Cash Ficke chose Eastern New Mexico University because it was close to home and affordable.
He grew up in the small community of Lincoln, New Mexico, with his parents. He had a rough upbringing, but his grandmother greatly influenced him.
"I always looked up to her and loved hearing the stories she would tell," he said.
After his grandmother fell seriously ill in 2007, she recovered a year later. She then took Cash to Egypt, a place they had always wanted to go. It was there he discovered his passion for archaeology.
He was one of the 11 graduating students in Hondo High School's class of 2015.
The senior is majoring in anthropology with an emphasis in archaeology. He plans on attending graduate school after earning his degree from ENMU.
Because his grandmother has been the most prominent figure in his life, he hopes to make her proud by earning his degrees before she passes away.
He has been on the Dean's List and has earned several scholarships which have paid for his degree.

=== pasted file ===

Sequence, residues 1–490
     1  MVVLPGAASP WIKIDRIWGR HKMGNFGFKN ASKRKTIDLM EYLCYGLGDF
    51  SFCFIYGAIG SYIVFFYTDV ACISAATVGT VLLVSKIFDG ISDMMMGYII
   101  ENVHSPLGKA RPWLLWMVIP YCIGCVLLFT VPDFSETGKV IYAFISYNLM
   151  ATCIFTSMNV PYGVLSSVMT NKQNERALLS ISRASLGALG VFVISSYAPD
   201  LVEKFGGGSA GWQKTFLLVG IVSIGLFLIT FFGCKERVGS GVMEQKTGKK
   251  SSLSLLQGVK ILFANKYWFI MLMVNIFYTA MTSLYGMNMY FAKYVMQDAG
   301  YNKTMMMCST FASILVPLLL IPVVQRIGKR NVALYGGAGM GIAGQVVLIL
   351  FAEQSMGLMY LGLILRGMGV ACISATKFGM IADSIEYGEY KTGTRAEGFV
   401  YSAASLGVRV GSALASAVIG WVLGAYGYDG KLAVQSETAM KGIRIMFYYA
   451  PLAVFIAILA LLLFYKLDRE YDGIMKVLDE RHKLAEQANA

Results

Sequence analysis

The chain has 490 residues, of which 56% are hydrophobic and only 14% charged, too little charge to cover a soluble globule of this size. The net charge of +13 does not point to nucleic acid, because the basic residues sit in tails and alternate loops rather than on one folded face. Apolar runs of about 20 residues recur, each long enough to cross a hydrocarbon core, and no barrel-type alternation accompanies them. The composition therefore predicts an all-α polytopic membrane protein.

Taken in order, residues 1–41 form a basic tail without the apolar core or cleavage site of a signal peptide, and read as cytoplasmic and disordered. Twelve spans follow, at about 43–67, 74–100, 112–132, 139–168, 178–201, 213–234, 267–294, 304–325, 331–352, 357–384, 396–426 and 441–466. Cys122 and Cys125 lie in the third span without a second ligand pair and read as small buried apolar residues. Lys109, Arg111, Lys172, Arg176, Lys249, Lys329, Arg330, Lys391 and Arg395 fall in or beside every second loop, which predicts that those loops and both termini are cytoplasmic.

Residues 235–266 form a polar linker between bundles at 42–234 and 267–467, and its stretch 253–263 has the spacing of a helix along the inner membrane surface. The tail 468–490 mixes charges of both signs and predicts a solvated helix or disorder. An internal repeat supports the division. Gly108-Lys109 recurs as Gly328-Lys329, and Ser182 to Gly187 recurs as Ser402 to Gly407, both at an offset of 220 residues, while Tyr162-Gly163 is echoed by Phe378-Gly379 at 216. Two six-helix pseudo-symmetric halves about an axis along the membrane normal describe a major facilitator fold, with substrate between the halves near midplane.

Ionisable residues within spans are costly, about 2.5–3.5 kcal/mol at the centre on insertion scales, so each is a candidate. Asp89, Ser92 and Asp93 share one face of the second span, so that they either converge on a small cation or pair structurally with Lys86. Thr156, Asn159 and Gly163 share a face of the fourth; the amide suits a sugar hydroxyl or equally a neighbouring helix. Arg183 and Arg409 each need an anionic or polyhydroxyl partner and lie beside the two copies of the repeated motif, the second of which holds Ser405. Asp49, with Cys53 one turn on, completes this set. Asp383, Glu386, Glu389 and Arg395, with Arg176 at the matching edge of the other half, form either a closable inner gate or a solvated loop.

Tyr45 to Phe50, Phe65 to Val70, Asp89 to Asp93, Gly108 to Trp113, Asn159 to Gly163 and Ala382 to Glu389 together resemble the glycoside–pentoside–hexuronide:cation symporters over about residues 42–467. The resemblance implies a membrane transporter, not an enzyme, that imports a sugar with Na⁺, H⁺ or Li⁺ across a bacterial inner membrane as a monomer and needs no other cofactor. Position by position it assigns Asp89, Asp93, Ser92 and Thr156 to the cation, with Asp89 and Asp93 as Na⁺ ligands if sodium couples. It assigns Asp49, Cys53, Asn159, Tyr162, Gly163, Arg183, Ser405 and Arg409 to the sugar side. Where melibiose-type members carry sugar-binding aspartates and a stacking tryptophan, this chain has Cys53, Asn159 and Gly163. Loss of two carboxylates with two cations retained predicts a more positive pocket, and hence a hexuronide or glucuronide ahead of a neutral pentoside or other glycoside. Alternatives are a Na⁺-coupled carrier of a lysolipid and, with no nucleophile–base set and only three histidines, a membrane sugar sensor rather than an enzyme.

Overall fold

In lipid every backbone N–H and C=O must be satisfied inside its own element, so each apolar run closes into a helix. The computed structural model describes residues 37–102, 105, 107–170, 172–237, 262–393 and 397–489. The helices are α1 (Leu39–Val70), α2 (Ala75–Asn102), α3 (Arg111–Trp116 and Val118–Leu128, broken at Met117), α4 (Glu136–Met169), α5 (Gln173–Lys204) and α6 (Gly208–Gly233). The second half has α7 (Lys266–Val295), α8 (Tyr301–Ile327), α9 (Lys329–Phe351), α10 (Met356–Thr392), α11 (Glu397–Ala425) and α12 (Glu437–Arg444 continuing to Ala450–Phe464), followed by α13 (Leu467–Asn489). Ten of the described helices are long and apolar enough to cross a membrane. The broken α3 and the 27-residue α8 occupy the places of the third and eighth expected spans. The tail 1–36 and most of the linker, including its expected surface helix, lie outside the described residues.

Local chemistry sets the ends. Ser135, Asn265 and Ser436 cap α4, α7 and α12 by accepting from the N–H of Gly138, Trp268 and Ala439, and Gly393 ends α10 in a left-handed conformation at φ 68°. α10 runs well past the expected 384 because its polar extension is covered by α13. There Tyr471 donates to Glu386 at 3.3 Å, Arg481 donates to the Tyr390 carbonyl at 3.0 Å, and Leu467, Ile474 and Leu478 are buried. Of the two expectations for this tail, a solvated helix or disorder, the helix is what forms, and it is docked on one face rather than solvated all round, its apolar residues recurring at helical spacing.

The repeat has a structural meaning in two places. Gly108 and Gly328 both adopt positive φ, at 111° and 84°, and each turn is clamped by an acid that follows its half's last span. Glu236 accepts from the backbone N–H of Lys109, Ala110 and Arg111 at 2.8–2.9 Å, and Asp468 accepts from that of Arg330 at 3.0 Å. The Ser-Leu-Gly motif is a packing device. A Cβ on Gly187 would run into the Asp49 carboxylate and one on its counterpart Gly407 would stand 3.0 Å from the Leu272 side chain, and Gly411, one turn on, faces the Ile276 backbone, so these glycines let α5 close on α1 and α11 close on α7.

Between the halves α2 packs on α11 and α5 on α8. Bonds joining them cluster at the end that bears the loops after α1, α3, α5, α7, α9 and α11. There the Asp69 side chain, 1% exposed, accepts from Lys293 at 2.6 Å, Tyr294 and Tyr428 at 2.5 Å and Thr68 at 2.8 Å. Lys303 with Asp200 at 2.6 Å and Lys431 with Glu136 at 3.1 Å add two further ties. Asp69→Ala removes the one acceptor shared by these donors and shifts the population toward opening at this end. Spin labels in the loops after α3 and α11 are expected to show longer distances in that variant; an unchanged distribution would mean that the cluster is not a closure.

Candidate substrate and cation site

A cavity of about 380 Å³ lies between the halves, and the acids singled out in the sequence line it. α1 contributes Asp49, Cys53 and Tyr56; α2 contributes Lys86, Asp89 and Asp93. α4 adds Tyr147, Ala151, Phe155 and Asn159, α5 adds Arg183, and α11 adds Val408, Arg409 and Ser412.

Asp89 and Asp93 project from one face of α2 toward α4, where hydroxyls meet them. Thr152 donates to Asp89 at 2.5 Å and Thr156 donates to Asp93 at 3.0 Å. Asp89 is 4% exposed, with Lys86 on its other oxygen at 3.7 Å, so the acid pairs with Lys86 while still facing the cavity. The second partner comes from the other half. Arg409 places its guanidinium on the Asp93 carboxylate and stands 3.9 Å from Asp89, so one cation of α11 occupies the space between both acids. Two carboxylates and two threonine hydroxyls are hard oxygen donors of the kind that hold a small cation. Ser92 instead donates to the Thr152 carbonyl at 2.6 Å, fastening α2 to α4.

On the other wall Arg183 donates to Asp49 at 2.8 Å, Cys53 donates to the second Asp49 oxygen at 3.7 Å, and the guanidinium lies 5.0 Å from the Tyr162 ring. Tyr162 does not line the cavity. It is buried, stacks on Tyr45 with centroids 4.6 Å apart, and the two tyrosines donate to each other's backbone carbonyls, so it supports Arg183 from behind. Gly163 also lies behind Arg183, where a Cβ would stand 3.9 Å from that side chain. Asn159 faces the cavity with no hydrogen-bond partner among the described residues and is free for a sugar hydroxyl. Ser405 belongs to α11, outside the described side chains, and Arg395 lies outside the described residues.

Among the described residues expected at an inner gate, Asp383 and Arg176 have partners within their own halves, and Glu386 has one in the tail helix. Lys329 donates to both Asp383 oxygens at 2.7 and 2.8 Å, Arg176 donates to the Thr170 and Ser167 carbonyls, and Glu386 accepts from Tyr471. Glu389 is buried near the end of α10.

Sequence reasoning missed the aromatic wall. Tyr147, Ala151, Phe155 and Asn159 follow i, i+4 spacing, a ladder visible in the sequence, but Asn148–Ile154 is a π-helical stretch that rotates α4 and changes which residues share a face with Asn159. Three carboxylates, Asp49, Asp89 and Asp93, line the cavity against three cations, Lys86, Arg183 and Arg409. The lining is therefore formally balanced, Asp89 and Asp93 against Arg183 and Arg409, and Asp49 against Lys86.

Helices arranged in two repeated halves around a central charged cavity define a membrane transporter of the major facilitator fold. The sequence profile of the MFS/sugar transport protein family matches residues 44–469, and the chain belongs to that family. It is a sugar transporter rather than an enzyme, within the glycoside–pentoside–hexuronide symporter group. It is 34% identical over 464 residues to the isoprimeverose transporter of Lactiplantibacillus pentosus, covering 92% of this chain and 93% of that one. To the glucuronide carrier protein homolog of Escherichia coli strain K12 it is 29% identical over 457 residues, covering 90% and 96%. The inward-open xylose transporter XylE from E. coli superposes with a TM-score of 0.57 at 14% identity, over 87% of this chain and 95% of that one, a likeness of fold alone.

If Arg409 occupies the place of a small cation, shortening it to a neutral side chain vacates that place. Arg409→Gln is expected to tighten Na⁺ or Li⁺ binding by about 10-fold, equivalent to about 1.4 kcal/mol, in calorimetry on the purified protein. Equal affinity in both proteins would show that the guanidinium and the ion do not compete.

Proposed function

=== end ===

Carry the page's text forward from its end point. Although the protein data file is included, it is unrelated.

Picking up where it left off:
Cash feels that his degree from Eastern will pave the way toward his career as a contract archaeologist and help him be able to teach university courses one day.
Ideally, he hopes to add something to the archaeological record that hasn't been discovered yet.
The 20-year-old recommends ENMU to future students for its affordability. He also loves the one-on-one experience with faculty, who were the "best part" the Eastern experience.
"Dr. Putsavage, Dr. Durand and Dr. Smith have all been amazing teachers as well as friends and colleagues in the field," he said.
In his free time, he enjoys mountain biking, off-roading and spending time alone in nature. He hopes to eventually retire and buy a plot of land to live on in Egypt.
For anyone considering an anthropology degree, he suggests stopping by the department. "Everyone will be friendly and helpful," he said.